Airplanes leave behind white grooves in the sky known as contrails or defractory trails. These grooves are the result of a complex polynomial that involves several factors. Firstly, clouds form when air condenses, which occurs when its humidity reaches 100% and the temperature is extremely low. Commercial airplanes fly in the highest layer of the troposphere, where temperatures can reach -56°C.
The second factor to consider is the engines of airplanes. They generate thrust force by burning fuel and oxygen, producing combustion gases and water vapor. The water vapor is much hotter than ambient air, so it condenses and creates the snowy trail that airplanes are known for. Additionally, as the gas expands when leaving the plane, this also contributes to the formation of contrails.
Contrails are called “contrail” by the Anglo-Saxons, which is a contraction of “condensation” and “trail”. The next question raised by this phenomenon is why not all airplanes leave a wake behind them. The efficiency of a turbojet engine is measured by its coefficient between the work done by it and the chemical energy it produces. An interesting aspect about contrails is that their nature and persistence can be used to predict weather conditions.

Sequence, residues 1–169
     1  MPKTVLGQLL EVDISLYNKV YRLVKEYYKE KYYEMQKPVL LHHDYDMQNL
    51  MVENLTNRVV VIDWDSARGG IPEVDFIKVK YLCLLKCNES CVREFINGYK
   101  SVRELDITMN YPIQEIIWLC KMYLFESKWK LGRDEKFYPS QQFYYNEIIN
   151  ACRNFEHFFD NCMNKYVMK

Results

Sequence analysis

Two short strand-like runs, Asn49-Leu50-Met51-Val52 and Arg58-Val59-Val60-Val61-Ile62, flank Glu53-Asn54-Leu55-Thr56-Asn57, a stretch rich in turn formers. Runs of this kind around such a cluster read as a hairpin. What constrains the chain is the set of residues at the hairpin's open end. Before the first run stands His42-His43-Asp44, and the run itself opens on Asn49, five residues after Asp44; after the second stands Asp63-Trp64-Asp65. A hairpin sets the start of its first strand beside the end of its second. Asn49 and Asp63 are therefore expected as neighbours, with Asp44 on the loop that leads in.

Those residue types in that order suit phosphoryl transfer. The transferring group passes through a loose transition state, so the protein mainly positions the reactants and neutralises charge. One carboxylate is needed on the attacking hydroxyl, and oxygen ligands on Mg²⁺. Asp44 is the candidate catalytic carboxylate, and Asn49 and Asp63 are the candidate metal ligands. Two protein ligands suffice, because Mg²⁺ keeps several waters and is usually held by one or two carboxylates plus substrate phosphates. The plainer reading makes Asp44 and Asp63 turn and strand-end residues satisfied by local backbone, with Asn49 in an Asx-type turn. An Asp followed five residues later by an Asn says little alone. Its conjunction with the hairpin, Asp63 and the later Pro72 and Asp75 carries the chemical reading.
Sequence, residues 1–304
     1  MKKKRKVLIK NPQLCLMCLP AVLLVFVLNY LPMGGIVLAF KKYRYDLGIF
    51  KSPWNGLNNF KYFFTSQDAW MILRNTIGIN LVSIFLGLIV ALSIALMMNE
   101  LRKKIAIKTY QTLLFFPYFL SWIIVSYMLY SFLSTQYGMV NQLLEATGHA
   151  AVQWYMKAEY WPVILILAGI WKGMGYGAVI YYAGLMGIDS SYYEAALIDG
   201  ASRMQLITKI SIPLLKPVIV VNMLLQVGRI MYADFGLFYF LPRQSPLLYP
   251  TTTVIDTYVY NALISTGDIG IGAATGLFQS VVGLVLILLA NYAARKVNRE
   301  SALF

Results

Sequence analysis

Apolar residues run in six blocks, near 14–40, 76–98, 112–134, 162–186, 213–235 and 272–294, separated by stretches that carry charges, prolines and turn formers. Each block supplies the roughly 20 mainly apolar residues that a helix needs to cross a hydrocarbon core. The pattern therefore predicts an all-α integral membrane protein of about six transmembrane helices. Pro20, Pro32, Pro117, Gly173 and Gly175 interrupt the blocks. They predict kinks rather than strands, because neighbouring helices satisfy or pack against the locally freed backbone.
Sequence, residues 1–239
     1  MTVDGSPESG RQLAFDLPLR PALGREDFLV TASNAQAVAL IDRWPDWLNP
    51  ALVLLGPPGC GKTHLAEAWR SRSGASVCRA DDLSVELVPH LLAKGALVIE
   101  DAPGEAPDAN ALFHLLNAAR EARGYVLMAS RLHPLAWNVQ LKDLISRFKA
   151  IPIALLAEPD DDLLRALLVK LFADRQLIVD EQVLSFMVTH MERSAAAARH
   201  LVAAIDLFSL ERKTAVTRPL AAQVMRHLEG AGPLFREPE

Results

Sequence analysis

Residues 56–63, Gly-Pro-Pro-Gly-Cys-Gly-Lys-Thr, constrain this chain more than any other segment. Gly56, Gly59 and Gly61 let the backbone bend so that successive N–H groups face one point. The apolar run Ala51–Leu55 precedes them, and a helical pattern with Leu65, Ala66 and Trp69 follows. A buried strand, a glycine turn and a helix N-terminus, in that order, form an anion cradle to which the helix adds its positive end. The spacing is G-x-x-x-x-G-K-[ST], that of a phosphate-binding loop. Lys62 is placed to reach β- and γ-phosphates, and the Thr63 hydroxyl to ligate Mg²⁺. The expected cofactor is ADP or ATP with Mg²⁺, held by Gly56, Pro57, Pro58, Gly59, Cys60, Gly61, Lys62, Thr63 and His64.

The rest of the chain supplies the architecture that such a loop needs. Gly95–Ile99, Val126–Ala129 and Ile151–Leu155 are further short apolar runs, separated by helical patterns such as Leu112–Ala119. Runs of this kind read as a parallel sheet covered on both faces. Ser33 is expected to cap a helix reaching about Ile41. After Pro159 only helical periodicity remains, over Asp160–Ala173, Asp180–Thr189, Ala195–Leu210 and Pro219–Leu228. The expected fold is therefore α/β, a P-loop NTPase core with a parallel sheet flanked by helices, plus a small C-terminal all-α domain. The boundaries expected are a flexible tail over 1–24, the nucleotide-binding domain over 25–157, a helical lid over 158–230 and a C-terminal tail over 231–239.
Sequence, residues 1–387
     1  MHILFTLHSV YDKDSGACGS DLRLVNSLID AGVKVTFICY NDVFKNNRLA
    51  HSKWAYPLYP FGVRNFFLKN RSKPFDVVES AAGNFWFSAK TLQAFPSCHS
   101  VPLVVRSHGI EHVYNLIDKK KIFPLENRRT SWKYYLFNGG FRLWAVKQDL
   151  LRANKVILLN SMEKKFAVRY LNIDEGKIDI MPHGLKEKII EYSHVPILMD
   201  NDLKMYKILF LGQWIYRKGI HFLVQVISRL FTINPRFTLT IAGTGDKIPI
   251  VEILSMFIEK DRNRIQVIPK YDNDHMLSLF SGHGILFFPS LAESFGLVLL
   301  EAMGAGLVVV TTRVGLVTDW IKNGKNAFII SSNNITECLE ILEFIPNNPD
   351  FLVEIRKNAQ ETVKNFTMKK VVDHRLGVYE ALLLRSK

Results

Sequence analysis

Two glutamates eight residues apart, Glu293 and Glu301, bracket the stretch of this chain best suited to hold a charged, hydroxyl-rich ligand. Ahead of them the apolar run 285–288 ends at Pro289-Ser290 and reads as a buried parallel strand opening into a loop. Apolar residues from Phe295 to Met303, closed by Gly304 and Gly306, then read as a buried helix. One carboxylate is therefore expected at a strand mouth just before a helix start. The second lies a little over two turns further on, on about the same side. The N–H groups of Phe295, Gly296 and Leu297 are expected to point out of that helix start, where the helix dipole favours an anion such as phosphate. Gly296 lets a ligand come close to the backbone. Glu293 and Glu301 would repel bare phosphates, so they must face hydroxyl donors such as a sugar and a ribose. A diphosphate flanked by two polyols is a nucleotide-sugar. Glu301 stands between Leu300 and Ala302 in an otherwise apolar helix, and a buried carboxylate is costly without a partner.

During air shows, we may see colored contrails known as “polychrome grooves”. These are achieved by mixing dyes and releasing them at just the right time, so they are not true condensation trails. Finally, there are certain types of contrails that form when an airplane exceeds its speed of sound: these are called Prandtl-Glauert condensation clouds and occur due to a sudden drop in air pressure